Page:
So, in another thread Scott C. questioned why I would say that TQFT’s produce all numerical invariants of n-manifolds. There is a good reason for this, though maybe not good enough.
The reason is that there is a construction for starting with a numerical invariant, and extending it to a TQFT:
- Start with a numerical invariant of n-manifolds.
- Now consider your favorite n-1-manifold X.
- Consider the vector space spanned by n-manifolds with isomorphisms of their boundary to X.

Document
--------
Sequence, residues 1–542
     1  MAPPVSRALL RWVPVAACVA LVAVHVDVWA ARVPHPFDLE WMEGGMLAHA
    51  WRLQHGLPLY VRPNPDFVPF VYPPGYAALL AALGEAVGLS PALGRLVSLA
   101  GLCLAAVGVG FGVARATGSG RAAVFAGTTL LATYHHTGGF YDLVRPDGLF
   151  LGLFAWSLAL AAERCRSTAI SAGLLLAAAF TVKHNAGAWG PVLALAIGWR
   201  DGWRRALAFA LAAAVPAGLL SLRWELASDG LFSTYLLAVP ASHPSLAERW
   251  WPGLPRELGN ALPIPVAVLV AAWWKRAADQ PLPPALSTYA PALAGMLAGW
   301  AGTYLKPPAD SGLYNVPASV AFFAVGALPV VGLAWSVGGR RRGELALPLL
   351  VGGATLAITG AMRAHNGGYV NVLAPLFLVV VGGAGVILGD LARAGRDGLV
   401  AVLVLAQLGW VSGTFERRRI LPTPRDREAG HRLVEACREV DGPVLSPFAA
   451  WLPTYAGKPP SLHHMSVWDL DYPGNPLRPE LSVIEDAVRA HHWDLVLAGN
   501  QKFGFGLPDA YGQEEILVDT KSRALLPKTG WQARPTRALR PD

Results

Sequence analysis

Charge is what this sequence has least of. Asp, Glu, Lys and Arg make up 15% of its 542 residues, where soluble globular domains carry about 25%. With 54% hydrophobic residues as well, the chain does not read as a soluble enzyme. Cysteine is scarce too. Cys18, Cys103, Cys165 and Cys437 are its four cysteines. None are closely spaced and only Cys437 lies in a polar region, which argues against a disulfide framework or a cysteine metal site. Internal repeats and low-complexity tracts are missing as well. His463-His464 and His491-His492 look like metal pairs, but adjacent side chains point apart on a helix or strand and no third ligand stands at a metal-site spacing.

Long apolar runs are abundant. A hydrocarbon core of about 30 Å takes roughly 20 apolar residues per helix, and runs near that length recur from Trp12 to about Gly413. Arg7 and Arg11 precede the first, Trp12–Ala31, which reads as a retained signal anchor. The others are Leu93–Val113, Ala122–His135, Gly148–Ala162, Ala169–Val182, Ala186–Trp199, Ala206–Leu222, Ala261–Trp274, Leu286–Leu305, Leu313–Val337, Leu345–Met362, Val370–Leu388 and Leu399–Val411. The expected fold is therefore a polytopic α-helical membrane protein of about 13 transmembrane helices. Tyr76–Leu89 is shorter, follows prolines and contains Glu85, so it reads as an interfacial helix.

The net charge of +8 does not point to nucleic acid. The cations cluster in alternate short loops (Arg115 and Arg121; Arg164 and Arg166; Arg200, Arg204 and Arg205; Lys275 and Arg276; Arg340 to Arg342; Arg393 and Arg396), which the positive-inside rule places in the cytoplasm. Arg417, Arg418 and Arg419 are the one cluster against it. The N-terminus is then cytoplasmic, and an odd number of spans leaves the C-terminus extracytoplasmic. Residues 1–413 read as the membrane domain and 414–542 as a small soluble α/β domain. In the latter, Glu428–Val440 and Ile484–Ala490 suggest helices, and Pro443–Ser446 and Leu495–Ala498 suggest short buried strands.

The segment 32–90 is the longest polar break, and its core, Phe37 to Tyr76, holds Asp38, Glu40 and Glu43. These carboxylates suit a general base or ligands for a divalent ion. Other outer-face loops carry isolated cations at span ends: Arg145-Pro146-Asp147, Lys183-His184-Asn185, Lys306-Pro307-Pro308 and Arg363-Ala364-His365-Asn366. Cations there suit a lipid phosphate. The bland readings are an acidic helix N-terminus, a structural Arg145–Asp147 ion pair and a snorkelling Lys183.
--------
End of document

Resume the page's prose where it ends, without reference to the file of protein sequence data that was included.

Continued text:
- The space has an inner product, given by gluing two n-manifolds along X, and summing their invariants. Quotient by the kernel of this and call this .
Congratulations. You’ve got your TQFT. This construction is a little weird; in particular, it doesn’t seem to have to be monoidal, which is bad. Still, it tells you TQFT’s are in some sense easier to construct than you probably thought.
Presumably, one can extend this further by giving an n-2-manifold the category whose objects are formal sums of manifolds bounding it, with morphism spaces given by gluing, etc. Anyways, this is what I had in mind when writing the infamous sentence in question.